When he explained about the inhumane ‘production’ of chicken, Farmer Angus’ real passion comes to the fore.  He said that 98 % of our supermarket chickens are battery hens, whose beaks are cut to prevent them from ‘cannabilising’ each other in the small space in which they grow.  At Spier no de-beaking takes place, Farmer Angus saying that this is ‘unethical and inhumane’.  His produce is ‘honestly priced’, he says, not adding any brine to his chicken feed, and his chicken rearing does not cause any environmental damage – in fact, it is adding to nature.  The growing of feed for cattle production is what is causing the environmental damage, and he said that if only 10 % of the world’s cows were reared his way, then all carbon problems would be eliminated, and the carbon would be stored in the soil.  He explained about the mass production happening at the country’s two major beef suppliers Chalmar and Karan, these brand names are often specified on menus (i.e. at Reuben’s), but their production methods do not meet Farmer Angus’ approval, the latter farm only having 10 square meter per animal, they spray the animals per aeroplane, and inject the cattle. Farmer Angus highlighted Chef Christiaan Campbell of Delaire Graff as the biggest champion of Spier’s grass-fed meat production.  Spier has a mix of cattle, including Nguni, Hereford and Beefmasters, as well as Dormer lambs.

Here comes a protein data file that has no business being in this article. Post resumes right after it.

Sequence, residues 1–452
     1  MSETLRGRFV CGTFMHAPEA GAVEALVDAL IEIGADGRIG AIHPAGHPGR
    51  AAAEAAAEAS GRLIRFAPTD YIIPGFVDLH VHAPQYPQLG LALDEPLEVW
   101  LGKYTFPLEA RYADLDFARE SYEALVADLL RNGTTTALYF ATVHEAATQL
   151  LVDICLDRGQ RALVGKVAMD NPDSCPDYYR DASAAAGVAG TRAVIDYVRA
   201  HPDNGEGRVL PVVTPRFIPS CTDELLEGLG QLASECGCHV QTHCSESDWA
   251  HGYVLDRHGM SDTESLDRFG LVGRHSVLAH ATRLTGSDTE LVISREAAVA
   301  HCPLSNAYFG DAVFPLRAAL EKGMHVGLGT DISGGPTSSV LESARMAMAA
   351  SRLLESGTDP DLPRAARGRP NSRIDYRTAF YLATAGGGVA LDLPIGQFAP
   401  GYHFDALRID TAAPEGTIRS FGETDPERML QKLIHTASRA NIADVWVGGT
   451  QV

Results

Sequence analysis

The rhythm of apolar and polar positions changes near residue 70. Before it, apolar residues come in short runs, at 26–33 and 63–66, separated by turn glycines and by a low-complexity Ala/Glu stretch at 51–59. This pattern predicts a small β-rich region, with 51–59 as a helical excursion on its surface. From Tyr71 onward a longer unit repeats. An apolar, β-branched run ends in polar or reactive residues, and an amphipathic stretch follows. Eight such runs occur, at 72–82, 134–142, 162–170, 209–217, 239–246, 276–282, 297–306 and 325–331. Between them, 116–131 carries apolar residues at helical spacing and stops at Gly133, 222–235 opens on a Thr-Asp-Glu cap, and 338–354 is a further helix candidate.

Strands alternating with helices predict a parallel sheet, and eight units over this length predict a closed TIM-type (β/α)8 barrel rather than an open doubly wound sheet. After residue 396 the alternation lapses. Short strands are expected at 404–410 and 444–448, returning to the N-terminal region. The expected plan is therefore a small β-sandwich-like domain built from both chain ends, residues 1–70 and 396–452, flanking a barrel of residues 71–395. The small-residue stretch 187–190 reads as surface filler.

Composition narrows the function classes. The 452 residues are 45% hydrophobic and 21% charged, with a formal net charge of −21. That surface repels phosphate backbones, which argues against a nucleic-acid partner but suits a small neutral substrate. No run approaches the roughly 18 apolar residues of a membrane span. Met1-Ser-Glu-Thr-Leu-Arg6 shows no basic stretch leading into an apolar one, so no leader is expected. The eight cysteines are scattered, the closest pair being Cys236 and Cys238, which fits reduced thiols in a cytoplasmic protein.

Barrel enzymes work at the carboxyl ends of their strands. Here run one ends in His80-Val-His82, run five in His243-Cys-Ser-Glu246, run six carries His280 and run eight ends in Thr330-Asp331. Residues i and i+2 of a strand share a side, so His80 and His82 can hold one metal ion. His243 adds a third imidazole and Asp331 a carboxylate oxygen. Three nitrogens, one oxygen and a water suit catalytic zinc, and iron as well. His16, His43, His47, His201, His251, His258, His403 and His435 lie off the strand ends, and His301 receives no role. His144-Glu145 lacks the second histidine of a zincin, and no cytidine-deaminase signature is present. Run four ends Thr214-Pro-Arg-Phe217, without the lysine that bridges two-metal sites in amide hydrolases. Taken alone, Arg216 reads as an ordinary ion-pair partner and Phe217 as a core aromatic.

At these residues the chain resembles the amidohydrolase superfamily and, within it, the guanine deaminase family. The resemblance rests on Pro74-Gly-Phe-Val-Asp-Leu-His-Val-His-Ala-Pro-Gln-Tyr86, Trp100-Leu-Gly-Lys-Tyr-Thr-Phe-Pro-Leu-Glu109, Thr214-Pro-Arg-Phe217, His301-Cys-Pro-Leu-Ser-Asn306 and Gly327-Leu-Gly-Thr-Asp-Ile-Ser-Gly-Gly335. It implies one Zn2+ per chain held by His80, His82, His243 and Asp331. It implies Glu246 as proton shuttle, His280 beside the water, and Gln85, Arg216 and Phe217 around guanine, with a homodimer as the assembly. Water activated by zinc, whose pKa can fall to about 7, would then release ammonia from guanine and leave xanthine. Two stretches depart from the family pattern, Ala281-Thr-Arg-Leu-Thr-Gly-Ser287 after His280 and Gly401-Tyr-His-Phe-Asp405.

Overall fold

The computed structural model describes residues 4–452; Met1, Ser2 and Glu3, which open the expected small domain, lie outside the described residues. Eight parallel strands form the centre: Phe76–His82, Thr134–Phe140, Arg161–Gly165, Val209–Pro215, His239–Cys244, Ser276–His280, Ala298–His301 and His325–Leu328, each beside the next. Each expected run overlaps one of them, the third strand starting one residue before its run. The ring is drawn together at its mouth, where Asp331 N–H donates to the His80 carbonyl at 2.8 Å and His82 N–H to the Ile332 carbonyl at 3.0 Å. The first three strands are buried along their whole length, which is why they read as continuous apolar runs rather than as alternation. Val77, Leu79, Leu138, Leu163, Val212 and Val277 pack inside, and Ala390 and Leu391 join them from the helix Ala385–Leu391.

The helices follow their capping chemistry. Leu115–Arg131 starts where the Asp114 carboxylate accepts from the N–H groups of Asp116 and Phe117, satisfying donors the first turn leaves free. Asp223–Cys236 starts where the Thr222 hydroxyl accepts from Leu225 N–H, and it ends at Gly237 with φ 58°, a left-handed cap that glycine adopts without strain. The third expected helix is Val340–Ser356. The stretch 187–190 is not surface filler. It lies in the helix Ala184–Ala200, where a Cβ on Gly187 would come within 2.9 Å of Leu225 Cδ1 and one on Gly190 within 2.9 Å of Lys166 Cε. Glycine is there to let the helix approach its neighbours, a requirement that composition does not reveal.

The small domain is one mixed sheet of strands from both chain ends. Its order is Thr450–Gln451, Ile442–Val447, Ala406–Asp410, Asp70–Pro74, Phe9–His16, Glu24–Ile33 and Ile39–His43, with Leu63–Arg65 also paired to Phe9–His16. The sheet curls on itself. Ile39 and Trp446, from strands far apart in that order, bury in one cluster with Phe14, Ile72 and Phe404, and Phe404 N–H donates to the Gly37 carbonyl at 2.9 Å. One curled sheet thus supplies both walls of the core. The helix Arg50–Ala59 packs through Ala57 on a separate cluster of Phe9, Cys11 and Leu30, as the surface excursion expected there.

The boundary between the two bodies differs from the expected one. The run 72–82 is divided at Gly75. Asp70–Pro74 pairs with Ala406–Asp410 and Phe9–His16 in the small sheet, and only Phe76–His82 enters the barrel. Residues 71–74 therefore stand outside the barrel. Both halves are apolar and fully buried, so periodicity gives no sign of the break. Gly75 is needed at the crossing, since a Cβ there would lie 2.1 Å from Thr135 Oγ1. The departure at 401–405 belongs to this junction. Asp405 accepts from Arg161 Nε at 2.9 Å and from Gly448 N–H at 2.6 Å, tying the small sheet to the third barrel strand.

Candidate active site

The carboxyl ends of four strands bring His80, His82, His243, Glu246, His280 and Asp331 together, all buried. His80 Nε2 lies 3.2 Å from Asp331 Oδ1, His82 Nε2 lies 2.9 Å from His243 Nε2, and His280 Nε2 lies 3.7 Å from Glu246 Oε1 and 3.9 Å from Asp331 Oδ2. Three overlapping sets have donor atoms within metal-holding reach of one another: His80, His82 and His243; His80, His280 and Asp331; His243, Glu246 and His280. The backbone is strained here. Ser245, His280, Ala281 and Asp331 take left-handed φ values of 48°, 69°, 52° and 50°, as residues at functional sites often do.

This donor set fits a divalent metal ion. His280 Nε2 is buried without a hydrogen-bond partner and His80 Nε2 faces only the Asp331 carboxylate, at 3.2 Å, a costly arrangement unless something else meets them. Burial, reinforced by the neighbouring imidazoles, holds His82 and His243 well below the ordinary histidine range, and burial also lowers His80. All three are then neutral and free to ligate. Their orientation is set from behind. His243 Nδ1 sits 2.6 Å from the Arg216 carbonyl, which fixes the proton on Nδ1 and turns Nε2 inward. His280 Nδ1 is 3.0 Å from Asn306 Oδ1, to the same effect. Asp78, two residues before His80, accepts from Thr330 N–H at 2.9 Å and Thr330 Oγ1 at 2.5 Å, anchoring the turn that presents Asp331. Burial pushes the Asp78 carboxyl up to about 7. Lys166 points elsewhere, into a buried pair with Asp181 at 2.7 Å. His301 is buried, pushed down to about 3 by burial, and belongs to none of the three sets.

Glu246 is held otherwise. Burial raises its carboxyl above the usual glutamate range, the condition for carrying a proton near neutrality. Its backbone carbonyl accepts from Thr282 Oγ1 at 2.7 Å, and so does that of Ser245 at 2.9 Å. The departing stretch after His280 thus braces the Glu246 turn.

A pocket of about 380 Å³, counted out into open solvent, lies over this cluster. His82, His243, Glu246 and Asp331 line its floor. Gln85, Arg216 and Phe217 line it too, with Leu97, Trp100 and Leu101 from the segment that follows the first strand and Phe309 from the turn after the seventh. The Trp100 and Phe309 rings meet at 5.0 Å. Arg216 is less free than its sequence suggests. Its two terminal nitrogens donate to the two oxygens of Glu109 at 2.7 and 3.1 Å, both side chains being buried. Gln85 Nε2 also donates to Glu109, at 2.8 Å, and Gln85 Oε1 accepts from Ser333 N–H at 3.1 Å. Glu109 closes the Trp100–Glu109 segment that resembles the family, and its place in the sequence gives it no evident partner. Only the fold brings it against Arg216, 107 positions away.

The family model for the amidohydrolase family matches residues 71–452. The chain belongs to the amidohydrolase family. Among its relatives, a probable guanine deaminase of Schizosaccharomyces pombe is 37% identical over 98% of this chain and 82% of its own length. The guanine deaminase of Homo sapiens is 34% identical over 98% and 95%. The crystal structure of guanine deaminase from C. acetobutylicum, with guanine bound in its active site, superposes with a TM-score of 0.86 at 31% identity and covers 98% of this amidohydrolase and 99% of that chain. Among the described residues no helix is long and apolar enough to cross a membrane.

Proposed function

We drove around the 600 hectare farm, on which the grapes are grown for the award-winning Spier wines, and Farmer Angus uses 54 hectare for his meat and egg production.  He showed me the chicken production in its various stages. I thought the chicks listening to beautiful classical music was very cute, giving them a harmonious start to life.  They are moved into different sections based on age, and ultimately are placed outside in the ‘pastured poultry houses’ he calls Eggmobiles, which are mobile nesting vehicles for 80 chickens each, 12 square meters in size, in which the eggs are laid, and which are moved daily.  I saw the difference in height of the pasture from the previous day compared to the section for the next day, and the chicken manure goes back into the soil, helping to regrow the grass, a natural cycle. His chicken are slaughtered by hand, ‘as humanely as possible’.  Farmer Angus contrasted this to the 25000 chickens a day slaughtered by County Fair, with their questionable claim of ‘home of quality chicken’, their feed containing chicken parts too.  Farmer Angus mixes and matches the pastures for his animals, and has to safeguard his lamb section electronically at night, to prevent theft.   Grass-fed meat is healthier, with omega 3 to 6 fatty acids in balance, reducing cholesterol, and is healthier to eat for diabetics.

Farmer Angus is so passionate about what he does, that he encourages chefs and their kitchen teams and restaurant staff to visit the farm.  Mother City Slow Food visited the farm earlier this year, and while I was unable to attend, I participated in a buying share of parts of a carcass with other members.  Farmer Angus has just introduced home delivery to private homes too, but then one must take half or a whole lamb, at R91,20 per kg.  Eggs cost R33 per dozen, and chicken R45,60 per kg.  Delivery for orders over R500 is free. Melissa’s, Giovanni’s, Tokara DeliCatessen, Wellness Warehouse, Continental Butchery in Kloof Street, and the Somerset West Spar are some of the outlets selling Farmer Angus’ produce.

Diclosure: Farmer Angus gave me a packet of mince, a jar of chicken stock, and a dozen eggs to take home to try.